The 33-foot-long cabin had been used to train Delta’s in-flight teams in Atlanta and includes a (nonworking) lavatory and 42 standard coach seats from a retired Boeing 737. Delta shipped it in pieces to the Minneapolis airport, where it was reassembled in an unused retail space. Airport carpenters added cutouts so that every row has a window, and local youth artists painted the cabin and the surrounding walls with blue skies and landscape to make it sensory-friendly. 

 “My 5-year-old son, Remi, has autism and I felt it was important for him to experience the airport before the day we actually had to travel,” said Cassandra Welch, who brought him to the mock cabin recently. “Remi did well and sat nicely in his seat and was able to see what the cabin looked like, and what the airplane bathroom looked like.” 

 Welch also brought along her family and some relatives. “We will be traveling together in August, so it was great that we could all be there for this experience.”

Tiffany Owen, a first responder, also wanted to give her traveling companion a chance to get acquainted with flying before she booked a trip. Hazy, a rescue pit bull, is Owen’s service dog and helps her manage stress and anxiety. The visit was arranged through Soldiers 6, a local nonprofit group that provides service dogs to military veterans and first responders in Minnesota.

“I’ve flown before, but Hazy has never been on an airplane,” she said. But Hazy quickly got the hang of it.  ”When we walked in, Hazy wanted to have her own seat next to me,” she said. “I had to train her to realize she’s on an airplane and would be sitting on the floor between my legs.”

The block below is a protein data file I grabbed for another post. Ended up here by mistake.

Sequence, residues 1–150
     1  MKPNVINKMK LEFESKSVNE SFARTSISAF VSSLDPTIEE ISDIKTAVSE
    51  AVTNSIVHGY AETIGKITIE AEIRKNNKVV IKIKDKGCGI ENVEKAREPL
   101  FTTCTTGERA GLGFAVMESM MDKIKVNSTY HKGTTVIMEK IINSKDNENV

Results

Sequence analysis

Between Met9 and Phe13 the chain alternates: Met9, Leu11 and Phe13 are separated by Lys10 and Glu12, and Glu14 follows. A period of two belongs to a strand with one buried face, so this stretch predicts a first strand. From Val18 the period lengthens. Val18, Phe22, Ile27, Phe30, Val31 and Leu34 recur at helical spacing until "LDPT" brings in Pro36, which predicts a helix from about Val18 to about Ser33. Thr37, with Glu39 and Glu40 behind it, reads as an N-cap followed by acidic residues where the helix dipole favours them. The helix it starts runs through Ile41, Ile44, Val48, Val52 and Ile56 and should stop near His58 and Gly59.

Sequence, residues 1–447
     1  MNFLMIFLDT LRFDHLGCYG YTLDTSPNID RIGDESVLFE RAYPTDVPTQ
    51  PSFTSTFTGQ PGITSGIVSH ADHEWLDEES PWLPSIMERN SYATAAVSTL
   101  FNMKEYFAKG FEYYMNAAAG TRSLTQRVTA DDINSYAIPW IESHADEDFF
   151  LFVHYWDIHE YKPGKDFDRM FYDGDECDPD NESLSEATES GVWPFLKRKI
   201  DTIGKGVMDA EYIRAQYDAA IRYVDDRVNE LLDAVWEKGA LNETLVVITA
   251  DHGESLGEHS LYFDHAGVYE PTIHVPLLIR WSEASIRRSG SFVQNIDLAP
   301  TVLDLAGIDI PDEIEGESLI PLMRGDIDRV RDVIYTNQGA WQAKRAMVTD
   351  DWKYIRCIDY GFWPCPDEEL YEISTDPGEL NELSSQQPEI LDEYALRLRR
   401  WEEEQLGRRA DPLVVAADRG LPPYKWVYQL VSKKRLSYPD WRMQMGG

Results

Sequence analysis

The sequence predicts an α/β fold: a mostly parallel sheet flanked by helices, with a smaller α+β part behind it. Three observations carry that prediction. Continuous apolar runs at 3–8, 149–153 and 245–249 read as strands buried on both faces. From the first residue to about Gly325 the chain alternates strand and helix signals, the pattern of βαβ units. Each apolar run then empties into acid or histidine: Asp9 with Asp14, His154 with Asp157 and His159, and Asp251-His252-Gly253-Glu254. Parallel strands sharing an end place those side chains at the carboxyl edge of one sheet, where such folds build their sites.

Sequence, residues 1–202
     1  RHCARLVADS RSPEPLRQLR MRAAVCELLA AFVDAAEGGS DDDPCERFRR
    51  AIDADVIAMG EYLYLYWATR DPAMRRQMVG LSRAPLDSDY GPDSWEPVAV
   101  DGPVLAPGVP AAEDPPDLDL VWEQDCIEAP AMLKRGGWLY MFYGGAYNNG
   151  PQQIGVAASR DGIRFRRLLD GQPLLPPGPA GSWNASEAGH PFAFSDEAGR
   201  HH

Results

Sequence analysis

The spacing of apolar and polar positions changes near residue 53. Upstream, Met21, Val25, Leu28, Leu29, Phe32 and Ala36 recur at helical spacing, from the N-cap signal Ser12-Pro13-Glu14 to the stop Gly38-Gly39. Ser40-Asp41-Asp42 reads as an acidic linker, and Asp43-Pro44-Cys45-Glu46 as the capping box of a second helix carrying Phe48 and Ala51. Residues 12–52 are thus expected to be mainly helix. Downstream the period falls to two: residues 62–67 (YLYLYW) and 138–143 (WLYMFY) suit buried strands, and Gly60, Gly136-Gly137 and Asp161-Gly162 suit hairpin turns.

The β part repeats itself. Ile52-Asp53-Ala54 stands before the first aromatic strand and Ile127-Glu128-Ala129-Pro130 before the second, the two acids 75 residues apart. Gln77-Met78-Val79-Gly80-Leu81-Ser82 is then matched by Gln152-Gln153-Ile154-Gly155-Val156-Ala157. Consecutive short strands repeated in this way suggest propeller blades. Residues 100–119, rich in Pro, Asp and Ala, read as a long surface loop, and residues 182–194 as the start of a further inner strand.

Owen said it means a lot to her that the airport “has gone to great lengths to make sure that both me and my service animal feel comfortable, and that we can go back to the airport again for more training if we need to.”

The mock cabin, which is free and available by appointment,  isn’t just for flyers.  

Airline personnel, flight crews, and companies that provide service to passengers who need help getting to or from their airplane seats have access to the cabin for training, too. 

 The Minneapolis-St. Paul branch of Prospect Airport Services, which provides wheelchair attendants and other services for airlines at airports across the country, now runs weekly staff training sessions in the mock cabin. There is a big focus on transferring passengers in wheelchairs to their seats, which can be a complicated and delicate process. 

Loretta Halligan, the company’s general manager at the Minneapolis airport, said that before the mock cabin arrived, orientation for new passenger service assistants mainly took place in a classroom, with a wheelchair, an airline seat, and a video. The actual training in how to transfer passengers didn’t begin until new hires could shadow someone with experience.

 “Now, new employees can start practicing lifting a person on and off an aisle chair on a ‘real’ plane right away,” she said, adding that watching a video “is nothing compared to having that hands-on experience during your first day of training.”

That training could have been invaluable during the earlier days of the pandemic, “when social distancing made it difficult for people to be lifted and transferred to vehicles or planes,”  Lipp said. “Guiding people who are blind also became more difficult with social distancing.”